The story is an absolute mess, veering wildly from year to year with little reason while excusing Fraser for large chunks of the film to watch his fictional family go camping.  Since they'd need a damn good reason to have a parallel story of hillbilly violence next to this eco-terrorist stuff, the writers contrive a scenario where Jack's family witnesses Tommy kill the man who was going to rent them the cottage.  You see, the cottage was for rent, but Tommy's check bounced, and that made the renter angry, so Tommy decides to kill him...and so on.

Even if the film surrounding him is terrible, I have to give Dominic Purcell credit for sticking with his holy murderer persona so rigidly.

Even if the film surrounding him is terrible, I have to give Dominic Purcell credit for completely devoting himself to his holy murderer persona.

The dialogue toward the end of the film consists almost entirely of, "Momma," "Dad," "Jen," and "Mikey," as they all scream at each other for help.  As bad as I feel for the child actors, they at least get to run around and get some exercise.  Lara Daans, as Jack's wife, sits around their empty home looking worried and talking into a cell phone the whole time.  Based on the framing of her scenes it's entirely possible that she and Fraser used body-doubles for their scenes together and never even shared the same room.  Every scene has this weird disconnect, like they could only get Fraser for half the film and scrambled to fill the rest of it with anything.

I'd like to give director Damian Lee a pass for being handed a script this bad, but he's listed as one of the writers.  The mystery remains whether the other writers, Christian Piers Betley and Deborah Wakeham, were all working together at any point or if they had written individual segments for different films and tried to force them together at the end.  It's eco-terror meets relationship drama meets Deliverance with so many other films and genres thrown in for added spice.  That's way too many ingredients for the pot.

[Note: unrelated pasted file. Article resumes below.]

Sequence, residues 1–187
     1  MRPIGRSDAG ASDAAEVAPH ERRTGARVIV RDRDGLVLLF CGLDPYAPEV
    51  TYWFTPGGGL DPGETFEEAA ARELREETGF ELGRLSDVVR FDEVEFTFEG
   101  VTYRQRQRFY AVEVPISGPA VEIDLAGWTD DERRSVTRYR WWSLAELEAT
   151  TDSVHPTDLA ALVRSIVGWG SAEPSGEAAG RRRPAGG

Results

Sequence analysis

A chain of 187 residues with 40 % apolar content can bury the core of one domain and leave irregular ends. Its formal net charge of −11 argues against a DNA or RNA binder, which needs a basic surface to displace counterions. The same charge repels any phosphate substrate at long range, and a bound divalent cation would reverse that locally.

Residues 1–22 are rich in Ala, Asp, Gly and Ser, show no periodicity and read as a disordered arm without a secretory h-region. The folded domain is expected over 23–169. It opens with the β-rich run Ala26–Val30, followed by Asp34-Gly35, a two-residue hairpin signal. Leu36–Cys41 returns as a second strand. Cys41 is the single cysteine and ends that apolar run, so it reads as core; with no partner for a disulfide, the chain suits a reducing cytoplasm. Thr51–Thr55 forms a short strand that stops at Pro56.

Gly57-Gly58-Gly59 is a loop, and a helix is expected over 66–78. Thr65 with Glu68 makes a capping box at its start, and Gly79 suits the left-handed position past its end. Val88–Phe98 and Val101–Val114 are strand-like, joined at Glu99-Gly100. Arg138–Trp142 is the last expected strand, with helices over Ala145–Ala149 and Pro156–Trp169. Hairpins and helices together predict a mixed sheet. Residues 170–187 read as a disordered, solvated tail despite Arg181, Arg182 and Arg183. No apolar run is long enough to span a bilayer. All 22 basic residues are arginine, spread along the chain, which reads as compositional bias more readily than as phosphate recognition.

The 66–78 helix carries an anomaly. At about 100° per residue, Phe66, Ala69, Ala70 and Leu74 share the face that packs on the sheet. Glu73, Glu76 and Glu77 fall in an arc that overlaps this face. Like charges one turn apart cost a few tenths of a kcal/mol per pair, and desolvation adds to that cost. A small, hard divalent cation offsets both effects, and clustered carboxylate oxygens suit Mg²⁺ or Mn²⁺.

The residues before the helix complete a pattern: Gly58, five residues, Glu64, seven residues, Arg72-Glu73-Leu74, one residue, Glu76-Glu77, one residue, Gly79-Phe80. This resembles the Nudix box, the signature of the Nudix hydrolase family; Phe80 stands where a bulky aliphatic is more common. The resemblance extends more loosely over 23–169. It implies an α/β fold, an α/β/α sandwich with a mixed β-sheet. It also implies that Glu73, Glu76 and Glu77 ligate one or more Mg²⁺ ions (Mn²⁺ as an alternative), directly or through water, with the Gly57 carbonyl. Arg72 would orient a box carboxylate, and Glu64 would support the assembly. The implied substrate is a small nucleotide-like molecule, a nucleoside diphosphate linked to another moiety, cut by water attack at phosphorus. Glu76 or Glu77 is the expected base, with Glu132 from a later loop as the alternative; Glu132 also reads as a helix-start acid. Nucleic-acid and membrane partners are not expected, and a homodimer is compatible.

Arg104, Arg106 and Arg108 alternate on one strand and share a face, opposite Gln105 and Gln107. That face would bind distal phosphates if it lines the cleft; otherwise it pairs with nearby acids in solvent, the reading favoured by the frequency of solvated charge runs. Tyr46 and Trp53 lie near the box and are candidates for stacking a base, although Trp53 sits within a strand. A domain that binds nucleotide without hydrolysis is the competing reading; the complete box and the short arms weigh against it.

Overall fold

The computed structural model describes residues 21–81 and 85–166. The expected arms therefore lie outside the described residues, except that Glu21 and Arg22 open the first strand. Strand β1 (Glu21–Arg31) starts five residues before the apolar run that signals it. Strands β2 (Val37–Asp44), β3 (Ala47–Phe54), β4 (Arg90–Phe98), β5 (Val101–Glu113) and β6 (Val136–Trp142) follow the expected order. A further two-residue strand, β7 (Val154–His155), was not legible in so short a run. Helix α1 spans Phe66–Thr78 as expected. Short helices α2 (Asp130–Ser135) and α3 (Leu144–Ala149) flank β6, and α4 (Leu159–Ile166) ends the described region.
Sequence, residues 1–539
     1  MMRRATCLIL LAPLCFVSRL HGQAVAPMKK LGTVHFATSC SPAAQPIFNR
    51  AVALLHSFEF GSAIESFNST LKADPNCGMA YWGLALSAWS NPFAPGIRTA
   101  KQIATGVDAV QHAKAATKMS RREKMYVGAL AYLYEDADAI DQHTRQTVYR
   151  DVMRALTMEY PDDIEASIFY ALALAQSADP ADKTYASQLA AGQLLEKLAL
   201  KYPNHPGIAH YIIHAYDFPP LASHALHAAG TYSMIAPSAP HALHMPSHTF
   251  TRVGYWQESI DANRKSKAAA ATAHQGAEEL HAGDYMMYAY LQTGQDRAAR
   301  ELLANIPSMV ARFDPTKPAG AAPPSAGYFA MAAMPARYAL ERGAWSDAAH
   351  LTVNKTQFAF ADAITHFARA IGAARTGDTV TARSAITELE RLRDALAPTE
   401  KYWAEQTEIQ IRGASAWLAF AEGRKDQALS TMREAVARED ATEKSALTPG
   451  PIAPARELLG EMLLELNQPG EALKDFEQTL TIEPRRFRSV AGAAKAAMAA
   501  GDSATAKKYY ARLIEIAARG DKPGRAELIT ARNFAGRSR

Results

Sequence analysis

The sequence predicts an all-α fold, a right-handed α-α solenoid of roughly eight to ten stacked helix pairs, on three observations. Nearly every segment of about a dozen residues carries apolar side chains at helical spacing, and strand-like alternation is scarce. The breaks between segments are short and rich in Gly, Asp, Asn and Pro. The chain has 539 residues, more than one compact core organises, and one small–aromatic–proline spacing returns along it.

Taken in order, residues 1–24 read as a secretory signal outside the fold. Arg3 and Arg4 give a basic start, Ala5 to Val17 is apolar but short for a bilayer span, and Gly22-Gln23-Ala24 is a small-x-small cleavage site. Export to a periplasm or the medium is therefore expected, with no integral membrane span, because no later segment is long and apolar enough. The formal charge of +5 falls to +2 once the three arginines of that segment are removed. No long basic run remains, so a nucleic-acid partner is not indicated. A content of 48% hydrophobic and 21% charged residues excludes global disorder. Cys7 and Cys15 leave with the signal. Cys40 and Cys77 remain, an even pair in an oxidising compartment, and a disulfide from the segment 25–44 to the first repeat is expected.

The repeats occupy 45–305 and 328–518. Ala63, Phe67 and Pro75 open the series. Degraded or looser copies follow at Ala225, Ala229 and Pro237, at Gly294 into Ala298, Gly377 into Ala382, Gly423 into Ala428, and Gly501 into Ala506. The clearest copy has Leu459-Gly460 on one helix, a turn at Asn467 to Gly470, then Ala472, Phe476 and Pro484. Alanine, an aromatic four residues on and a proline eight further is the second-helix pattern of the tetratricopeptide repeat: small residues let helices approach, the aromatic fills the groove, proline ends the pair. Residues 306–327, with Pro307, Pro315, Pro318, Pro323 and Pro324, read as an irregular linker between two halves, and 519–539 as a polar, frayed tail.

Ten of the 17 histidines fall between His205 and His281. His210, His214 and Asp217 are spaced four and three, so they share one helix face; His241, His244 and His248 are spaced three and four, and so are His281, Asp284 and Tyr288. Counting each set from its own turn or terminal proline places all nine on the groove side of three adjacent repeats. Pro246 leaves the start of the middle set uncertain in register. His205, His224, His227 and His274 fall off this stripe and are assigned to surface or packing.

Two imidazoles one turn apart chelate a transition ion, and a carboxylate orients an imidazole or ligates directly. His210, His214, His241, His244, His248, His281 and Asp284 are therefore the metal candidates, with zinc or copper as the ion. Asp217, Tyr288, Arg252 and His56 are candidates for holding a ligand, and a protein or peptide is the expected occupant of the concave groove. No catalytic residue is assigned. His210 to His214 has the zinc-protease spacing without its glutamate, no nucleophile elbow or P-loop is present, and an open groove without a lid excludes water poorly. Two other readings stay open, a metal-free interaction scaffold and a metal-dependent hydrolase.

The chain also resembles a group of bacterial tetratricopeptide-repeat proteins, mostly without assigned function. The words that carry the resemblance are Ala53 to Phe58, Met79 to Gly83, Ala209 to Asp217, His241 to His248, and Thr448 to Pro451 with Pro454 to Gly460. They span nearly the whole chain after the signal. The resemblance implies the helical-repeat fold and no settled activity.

This is a terrible film that would have barely been salvageable even if Fraser didn't seem duty-bound to portray Jack like a neanderthal.  Had he continued with that full-tilt, I might have something to praise here.  But since he wasn't even willing to follow that performance to its logical conclusion, I am left with what mess Breakout leaves behind.

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Tail - BreakoutBreakout (2013)

Directed by Damian Lee.
Screenplay written by Lee, Christian Piers Betley, and Deborah Wakeham.
Starring Brendan Fraser, Dominic Purcell, and Ethan Suplee.

Posted by Andrew